Given up for Dead: American GI's in the Nazi Concentration Camp at Berga


During World War II, prisoners of war were required by the Geneva Conventions to be treated according to established rules. But in late 1944, when a large number of Americans were captured or surrendered during the Battle of the Bulge and elsewhere, their captors had different plans. Those who were Jewish or from some other "undesirable" ethnic or religious group were separated from their fellow captives and sent to the brutal slave-labor camp at Berga. Until now, the story of what these men endured has been a ...

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Given Up For Dead: American GIs in the Nazi Concentration Camp at Berga

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During World War II, prisoners of war were required by the Geneva Conventions to be treated according to established rules. But in late 1944, when a large number of Americans were captured or surrendered during the Battle of the Bulge and elsewhere, their captors had different plans. Those who were Jewish or from some other "undesirable" ethnic or religious group were separated from their fellow captives and sent to the brutal slave-labor camp at Berga. Until now, the story of what these men endured has been a well-guarded secret.

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Editorial Reviews

Kirkus Reviews
A grunt's-eye view of a terrible chapter in the last months of WWII: the enslavement of captured GIs, Jews and gentiles alike, to serve the dying Reich. Inspired by Charles Guggenheim's 2003 PBS documentary on the Berga concentration camp, military historian Whitlock offers an account enriched by the voices of many of the GIs who, captured at the Battle of the Bulge, were spirited away to work in the mines of southeastern Germany. Unfortunately for Whitlock, though, Guggenheim's documentary also nourished Roger Cohen's companion volume, Soldiers and Slaves (p. 96), which is far better on the big-picture complexities of religion, politics and psychology that the soldiers' ordeal involved and is much better written to boot. Still, Whitlock acquits himself reasonably well, and though he slips into ill-advised tough-guyisms ("A Soviet operation known as Bagration . . . was a kick in the German ass. On 15 August, another Allied landing . . . was a knife in the gut. . . ."), he provides useful backstory on the Battle of the Bulge and how the GIs were captured in the first place. The best parts here, though, are straight from the mouths of the inmates. One remembers, for instance, that when the Americans objected to the segregation of Jewish soldiers, a German came back with: Well, after all, don't you "separate blacks from whites in [your] own army?" Another, a Catholic, recounts that the non-Jews among the contingent of GIs sent into slavery could not understand how he had been picked for the duty. "We all had one thing in common, though," he concludes, "we were all 'undesirable.' " A third recalls that the slaves of Berga worked on rations of 400 to 600 calories a day-and, as if that were notbad enough, had to deal with brutal guards. "There were no gas chambers in Berga," one German Jew who had survived Auschwitz and then been moved there noted, "but there were other killings." A worthy effort, though readers will want to turn to Cohen's book first.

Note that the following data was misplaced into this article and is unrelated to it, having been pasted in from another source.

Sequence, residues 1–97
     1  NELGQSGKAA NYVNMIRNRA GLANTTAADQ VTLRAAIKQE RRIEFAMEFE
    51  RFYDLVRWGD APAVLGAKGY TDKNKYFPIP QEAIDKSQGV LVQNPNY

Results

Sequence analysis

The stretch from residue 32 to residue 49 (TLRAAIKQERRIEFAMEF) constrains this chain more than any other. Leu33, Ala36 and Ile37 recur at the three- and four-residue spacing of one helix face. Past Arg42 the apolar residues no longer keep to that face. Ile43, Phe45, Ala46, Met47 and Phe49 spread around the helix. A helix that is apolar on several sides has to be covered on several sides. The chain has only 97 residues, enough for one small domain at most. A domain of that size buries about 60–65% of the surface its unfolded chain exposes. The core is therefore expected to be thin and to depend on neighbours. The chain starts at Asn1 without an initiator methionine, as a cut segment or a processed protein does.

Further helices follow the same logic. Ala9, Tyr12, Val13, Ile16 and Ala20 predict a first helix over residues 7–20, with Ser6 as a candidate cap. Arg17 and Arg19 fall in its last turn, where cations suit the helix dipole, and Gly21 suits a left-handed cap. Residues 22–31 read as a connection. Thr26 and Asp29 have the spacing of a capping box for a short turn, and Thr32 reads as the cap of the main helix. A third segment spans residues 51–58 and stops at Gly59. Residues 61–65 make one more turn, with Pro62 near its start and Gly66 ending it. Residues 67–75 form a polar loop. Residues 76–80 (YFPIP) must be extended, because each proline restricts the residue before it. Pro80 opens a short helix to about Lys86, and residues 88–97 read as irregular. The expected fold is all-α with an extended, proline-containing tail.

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Product Details

  • ISBN-13: 9780465091157
  • Publisher: Basic Books
  • Publication date: 3/28/2006
  • Pages: 304
  • Sales rank: 323,130
  • Product dimensions: 5.30 (w) x 7.90 (h) x 0.90 (d)

Meet the Author